Verdict: – The Originals Or The Covers?
By Caellin Rodgers
I’m sure you all know Ryan Adams has recently released a covers version of Taylor Swift’s 1989 album, so I thought it was time to have a little chat about cover songs.
Firstly, let me preface this long rant about covers by saying that for the most part, I actually really like cover songs. It’s cool to hear songs you love spun differently – like ‘upcycled’ clothing etc, covers often breathe fresh life into originals and allow you to fall in love with songs all over again – or bring new audiences to old material. Arguably (although I prefer the original), Nirvana’s cover of Bowie’s Man Who Sold the World did exactly this. I can understand, too, why you might often prefer the cover to the original – while I love Bob Dylan, his voice can become a bit draining at times, and it’s nice to hear his songs sung by people who can… well, sing. Covers can also be nearly totally unique and nearly as creative as an original composition – Dope’s version of You Spin Me Right Round is totally different to the original, similarly the Zuton’s cover of Valerie.
Whichever version of a song you prefer though, it’s important to recognise the original is always the ‘better’ version. Okay, I understand the absoluteness of that statement, but let me explain for a second. The ‘best’ a thing can be is exactly how it was intended or created to be – Mona Lisa memes might be funny but they’re never ‘better’ than the original, and who doesn’t love Pride and Prejudice and Zombies, but it ain’t the same as the original. Thus, while a cover artist might find cool things in the song, presenting it in a totally different way, and in such a way that might speak to you more than the original (perhaps Marylin Manson’s Sweet Dreams as an example of this), the original is almost always the way the creator of the work intended that song to be, and therefore it is the best possible interpretation of that work.
The problem with a lot of covers is when they are read by critics as being ‘better’ than the original. I don’t mind average Anne or Joe passionately arguing that a cover is better – because they are arguing on personal taste. Critics are given a ‘higher authority’ – they’re expected to be above subjectivity and pass judgement based purely on musical elements and other aspects that can be quantified. They very rarely do this. The problem with critics not acknowledging their own subjectivity is that when they review cover works, they often don’t acknowledge their internalised sexism, racism and homophobia*, although this very much comes across in their judgement calls on the value of cover works compared to the originals.
This is very much evidenced in reviews of Ryan Adams’ 1989. The telegraph’s review opens as such: “What is the gap between punchy radio friendly mass market global pop and introspective critically credible adult oriented alternative rock? Not very far at all, at least on the evidence of a cheeky act of cultural appropriation by Ryan Adams.” This entire sentence (without even getting into the rest of the article) very much grinds my gears. Let’s break it down.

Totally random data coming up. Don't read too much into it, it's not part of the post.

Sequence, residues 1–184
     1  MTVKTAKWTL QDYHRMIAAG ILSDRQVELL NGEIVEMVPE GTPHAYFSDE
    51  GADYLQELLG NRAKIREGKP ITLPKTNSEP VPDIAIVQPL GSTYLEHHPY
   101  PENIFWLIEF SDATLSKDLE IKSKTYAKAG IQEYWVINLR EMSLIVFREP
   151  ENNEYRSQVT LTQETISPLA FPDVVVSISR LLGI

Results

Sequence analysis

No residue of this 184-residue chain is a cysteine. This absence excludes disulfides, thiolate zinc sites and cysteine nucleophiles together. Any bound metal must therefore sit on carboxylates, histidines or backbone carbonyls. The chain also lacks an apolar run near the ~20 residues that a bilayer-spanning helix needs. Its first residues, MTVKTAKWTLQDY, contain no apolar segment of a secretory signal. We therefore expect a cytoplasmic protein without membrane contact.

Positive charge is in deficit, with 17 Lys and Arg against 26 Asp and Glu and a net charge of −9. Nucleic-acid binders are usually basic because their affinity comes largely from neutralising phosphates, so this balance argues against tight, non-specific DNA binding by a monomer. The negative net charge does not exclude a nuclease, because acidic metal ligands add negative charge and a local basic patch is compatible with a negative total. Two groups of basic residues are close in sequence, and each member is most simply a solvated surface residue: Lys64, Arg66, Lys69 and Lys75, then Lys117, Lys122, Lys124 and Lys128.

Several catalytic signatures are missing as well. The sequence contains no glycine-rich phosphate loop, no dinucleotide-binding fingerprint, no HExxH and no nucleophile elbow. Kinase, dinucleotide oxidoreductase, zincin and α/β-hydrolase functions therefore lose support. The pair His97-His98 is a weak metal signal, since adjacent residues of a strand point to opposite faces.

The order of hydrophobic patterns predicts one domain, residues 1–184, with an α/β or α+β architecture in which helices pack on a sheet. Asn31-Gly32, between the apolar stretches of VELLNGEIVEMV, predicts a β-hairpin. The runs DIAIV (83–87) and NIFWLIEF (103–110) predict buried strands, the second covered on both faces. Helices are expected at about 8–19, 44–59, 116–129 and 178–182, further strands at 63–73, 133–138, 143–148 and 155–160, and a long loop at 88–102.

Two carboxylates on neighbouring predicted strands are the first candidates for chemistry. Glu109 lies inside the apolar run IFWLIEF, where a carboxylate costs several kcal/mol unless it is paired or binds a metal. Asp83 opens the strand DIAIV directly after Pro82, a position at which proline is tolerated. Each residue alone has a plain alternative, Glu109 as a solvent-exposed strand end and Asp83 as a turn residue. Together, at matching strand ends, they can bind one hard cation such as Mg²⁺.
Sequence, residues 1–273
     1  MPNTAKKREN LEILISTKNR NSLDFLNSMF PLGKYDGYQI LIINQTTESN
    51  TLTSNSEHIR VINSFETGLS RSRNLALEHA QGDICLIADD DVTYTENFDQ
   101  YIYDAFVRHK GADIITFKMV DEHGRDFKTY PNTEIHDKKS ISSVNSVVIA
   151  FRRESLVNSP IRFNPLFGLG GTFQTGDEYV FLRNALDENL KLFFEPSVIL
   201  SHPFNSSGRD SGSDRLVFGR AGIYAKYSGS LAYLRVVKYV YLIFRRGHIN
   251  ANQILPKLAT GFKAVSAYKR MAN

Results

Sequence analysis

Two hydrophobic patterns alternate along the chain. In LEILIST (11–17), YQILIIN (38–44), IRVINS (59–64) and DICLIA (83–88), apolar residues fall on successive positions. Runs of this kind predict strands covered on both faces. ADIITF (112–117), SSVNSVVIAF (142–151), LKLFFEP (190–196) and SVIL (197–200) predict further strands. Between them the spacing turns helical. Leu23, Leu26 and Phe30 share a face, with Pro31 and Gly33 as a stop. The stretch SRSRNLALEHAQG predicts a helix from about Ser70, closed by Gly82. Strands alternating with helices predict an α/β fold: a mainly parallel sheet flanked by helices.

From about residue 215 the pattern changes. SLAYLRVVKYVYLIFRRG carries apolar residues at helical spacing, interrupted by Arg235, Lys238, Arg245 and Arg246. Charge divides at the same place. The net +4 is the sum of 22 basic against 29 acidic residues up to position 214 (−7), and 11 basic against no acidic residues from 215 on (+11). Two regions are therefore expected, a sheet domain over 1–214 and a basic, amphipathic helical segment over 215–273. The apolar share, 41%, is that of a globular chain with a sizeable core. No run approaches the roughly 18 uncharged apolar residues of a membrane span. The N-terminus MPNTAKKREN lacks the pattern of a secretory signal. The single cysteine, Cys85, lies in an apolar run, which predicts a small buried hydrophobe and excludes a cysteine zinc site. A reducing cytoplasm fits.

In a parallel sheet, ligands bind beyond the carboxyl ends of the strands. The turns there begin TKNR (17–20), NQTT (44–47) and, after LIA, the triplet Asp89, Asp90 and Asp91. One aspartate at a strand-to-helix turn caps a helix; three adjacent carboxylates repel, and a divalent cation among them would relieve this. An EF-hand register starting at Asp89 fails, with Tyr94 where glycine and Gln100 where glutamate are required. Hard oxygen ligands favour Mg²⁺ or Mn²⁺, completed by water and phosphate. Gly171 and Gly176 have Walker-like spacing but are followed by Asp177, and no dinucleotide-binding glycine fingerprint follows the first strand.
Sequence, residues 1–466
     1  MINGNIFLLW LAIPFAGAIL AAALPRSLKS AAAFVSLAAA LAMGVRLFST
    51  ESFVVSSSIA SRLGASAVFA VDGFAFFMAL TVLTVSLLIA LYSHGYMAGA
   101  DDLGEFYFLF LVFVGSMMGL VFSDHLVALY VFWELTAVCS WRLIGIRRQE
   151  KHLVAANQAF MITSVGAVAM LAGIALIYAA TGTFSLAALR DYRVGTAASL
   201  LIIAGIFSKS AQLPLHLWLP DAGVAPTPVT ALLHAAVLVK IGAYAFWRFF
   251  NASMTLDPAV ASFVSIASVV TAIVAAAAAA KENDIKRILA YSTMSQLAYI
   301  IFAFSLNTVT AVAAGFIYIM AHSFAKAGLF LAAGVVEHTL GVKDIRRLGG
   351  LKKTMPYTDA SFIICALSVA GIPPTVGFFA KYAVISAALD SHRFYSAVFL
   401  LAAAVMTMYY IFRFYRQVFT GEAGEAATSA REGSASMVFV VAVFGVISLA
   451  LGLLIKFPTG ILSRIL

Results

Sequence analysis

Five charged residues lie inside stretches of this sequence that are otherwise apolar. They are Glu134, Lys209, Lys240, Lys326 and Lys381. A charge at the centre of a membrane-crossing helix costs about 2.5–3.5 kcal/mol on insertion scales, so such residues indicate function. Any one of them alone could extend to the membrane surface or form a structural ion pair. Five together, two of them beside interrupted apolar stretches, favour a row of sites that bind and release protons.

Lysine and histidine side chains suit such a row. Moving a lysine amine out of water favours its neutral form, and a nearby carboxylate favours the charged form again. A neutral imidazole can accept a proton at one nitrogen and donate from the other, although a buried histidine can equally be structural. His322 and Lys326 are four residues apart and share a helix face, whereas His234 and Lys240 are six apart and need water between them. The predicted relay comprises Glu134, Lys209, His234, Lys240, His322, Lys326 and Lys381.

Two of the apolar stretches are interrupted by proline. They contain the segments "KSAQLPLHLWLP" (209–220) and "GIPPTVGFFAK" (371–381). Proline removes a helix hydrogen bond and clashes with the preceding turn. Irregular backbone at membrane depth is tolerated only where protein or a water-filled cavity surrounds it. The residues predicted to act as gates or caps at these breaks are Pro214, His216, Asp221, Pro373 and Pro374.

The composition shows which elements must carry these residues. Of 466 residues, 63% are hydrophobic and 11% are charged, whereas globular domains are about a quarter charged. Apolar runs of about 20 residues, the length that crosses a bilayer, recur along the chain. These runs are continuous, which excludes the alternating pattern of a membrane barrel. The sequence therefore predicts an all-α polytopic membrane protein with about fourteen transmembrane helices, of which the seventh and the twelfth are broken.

Firstly, “critically credible” when used here implies that Taylor Swift’s original work is not. Really, Neil McCormack? Rolling Stone Magazine reviewed it, it got four stars. In fact, T-Swift’s style of music is so ‘critically credible’, it’s even being covered by other artists – artists don’t tend to write covers off work that isn’t ‘critically credible’, because it lacks the depth to make new things out of it. Secondly, are you serious with this ‘adult-orientated’ bullshit? What you mean is male-orientated, is it not? Taylor has a large fan base of all different ages (she’s not 1D or Hannah Montana, come on), but they are mostly female. McCormack seems to have mistaken his own sexism for a valid criticism of music here. I doubt anyone would argue very much that The Beatles are one of the most successful bands in the history of time, a band that built itself on a very female-orientated fan base. A better opening line, perhaps – What is the gap between global pop and alternative rock?
The last part that frustrates me about this opening statement, although I won’t go into too much detail here, is the use of the words ‘cultural appropriation’. No, Neil, no. Cultural appropriation is when people (usually white) take things from another culture, which usually has cultural significance, and appropriates it for monetary gain. American First Nations’ headdresses, Hawaiian lays, traditional Geisha dress when worn by people not of the culture to which they belong (or not invited to by people of that culture) are all examples of these. A white man writing covers of a white woman’s songs in a slightly different style is not cultural appropriation. Taylor Swift is not a culture.
A part of me feels sorry for Ryan Adams. I would like to think it was not his intention at all for critics to review his covers as ‘better’ than the original, in part because of his gender, instead that he truly intended to honour a songwriter he has a massive amount of respect for. This isn’t a critique of Adams, or of his work at all, it is a critique of the way in which value is attributed to works. And we need to seriously re-evaluate how we’re assigning that value. Covers are never ‘better’ than the original.
If you’re looking for cool covers, however, I’d definitely recommend checking out Alex Boye’ and Changing Lane’s version of Shake It Off, or Postmodern Jukebox’s version: both are surprisingly excellent versions of one of Taylor Swift’s catchiest tunes.
*I wrote another article on this massive problem in the music industry if you want more details: www.highlightnation.com/news/authenticity-racism-popular-music
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